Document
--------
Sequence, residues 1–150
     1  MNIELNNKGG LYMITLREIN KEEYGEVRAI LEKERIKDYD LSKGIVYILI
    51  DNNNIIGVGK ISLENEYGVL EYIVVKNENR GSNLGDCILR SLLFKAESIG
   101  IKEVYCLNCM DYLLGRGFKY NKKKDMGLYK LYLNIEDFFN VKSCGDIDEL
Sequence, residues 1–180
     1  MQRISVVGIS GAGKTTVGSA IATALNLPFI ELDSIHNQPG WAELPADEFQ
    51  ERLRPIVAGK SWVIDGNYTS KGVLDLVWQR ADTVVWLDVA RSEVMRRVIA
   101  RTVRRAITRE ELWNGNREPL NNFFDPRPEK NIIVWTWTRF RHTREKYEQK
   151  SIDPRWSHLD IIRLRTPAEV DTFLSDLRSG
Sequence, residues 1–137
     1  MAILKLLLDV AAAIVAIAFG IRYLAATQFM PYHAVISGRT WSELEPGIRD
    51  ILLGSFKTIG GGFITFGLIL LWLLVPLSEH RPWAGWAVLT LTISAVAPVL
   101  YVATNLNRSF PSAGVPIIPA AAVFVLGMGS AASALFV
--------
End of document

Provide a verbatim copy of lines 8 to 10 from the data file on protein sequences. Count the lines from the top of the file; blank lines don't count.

   101  RTVRRAITRE ELWNGNREPL NNFFDPRPEK NIIVWTWTRF RHTREKYEQK
   151  SIDPRWSHLD IIRLRTPAEV DTFLSDLRSG
Sequence, residues 1–137